I think you would be doing yourself a disservice, at least check out some gameplay videos (or streams, if that’s what the kids are in to these days).

        I’m perhaps five hours in and the only ballachingly frustrating sections are the escape sections (timed escapes that require you to use the powers you have gathered up to that point to get to safety). An amazing feeling to complete but yes, perhaps “hard” in the sense that you will almost certainly fail a few times.

        The rest of the game is a breeze in comparison.

      • Gnoupi says:

        I used to do that myself, until I noticed that I underestimate my own skill level and overestimate other players’, sometimes.

        There are games people described as having frustrating hard moments that I tackled without as many problems as the other player. Like there are moments in other games I get stuck in, when it doesn’t seem to be a problem for most.

        Your own way of playing and experience makes trusting other people’s comments a bit of a gamble, just like reading reviews when you don’t know the reviewer. There are parts in reviews from John, for example, that I know won’t be a problem for me because I learned that from previous games and reviews, I know more or less how he plays and enjoys games (same for a few other main reviewers). Like I know that some things that he doesn’t find frustrating at all will annoy me completely (take grow home and the repetitive falling, for example, which is too annoying for me, since I particularly dislike having to go through the same things again when it was due to an approximate movement error)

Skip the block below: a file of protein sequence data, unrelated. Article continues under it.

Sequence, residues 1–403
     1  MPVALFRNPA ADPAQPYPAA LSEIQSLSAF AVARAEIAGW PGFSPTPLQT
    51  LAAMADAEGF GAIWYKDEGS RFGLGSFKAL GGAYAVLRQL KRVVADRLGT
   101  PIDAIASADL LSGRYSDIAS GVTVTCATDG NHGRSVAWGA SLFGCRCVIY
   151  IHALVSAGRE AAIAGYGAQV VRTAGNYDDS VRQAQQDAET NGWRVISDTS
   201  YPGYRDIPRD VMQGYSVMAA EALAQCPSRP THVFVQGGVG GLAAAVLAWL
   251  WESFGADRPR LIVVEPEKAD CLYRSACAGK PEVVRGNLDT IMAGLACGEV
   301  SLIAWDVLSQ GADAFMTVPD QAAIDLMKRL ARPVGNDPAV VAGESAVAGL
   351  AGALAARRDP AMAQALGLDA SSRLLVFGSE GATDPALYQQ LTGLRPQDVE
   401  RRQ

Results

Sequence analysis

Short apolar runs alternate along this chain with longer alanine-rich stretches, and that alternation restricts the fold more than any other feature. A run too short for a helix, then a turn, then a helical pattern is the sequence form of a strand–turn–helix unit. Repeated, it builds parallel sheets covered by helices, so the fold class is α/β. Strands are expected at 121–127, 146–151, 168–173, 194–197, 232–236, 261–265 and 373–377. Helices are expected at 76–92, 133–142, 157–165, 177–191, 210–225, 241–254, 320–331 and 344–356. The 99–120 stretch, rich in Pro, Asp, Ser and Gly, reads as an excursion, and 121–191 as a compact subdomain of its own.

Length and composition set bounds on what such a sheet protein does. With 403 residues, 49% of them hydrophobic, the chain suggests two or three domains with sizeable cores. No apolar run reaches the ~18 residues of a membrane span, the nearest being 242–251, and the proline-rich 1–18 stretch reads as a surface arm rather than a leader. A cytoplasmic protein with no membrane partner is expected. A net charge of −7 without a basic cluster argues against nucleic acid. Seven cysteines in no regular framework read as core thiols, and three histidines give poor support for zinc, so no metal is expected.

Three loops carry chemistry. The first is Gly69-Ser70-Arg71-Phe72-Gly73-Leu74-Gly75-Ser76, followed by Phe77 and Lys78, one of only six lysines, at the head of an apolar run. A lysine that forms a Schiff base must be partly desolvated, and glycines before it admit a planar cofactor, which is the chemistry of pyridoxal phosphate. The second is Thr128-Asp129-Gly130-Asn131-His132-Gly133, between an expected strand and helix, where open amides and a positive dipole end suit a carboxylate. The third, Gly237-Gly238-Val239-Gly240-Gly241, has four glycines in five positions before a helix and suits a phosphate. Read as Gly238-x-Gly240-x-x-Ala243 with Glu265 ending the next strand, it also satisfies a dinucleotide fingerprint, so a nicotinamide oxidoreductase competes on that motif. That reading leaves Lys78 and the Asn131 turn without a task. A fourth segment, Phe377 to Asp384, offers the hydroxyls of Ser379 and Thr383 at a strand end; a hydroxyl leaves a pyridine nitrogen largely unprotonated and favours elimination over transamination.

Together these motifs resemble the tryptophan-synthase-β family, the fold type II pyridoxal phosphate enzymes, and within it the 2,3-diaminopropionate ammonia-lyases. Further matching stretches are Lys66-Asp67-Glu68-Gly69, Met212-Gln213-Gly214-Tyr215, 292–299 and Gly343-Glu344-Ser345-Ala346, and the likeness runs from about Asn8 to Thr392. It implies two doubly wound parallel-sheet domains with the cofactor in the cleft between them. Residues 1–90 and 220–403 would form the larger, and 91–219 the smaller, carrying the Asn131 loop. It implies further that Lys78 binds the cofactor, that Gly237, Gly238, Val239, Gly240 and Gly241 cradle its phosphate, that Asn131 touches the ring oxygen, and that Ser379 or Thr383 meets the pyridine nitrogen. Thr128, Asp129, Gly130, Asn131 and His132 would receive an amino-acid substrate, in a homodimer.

• Zekiel says:

        Likewise. I don’t have the right combination of time available + patience + natural skill to cope with platform-y type games that have have difficulty spikes.

        So thank you Philippa for warning me off this one.

        And kudos to all those who are playing and enjoying it.

    • Gothnak says:

      For action games, I agree with you entirely, I don’t want to be trained to do something specific. However, give me a complex and hard turn based game and I am happy replaying it for ages to work it out.

    • OmNomNom says:

      Puny mortal

  9. Mitthrawn says:

    So to people who are asking about the difficulty, there are really three difficulty spikes. One in the first temple you have to restore (that’s the one the people above me are talking about, and yes it is pretty difficult, especially at first, and this is coming from someone who beat the hard ending of super meat boy). The other two are very close to the end of the game. YMMV, but honestly give it a chance if you’re on the fence about it. It took me maybe a half an hour of banging my head against the wall and restarting to finish that first temple, but after that it is smooth sailing til the very end.

    Honestly it is an absolutely gorgeous game, both in terms of static art and animation, and my early GOTY candidate (though I have a major soft spot for metroidvanias). I really recommend giving it a go, it is an awesome, incredibly beautiful and well designed game with a few unfortunate (and blessedly rare) difficulty spikes.

  10. amateurviking says:

    Manual saves seems like a bit of a pisser. Unless there’s some kind of strategy to it?

    • BooleanBob says: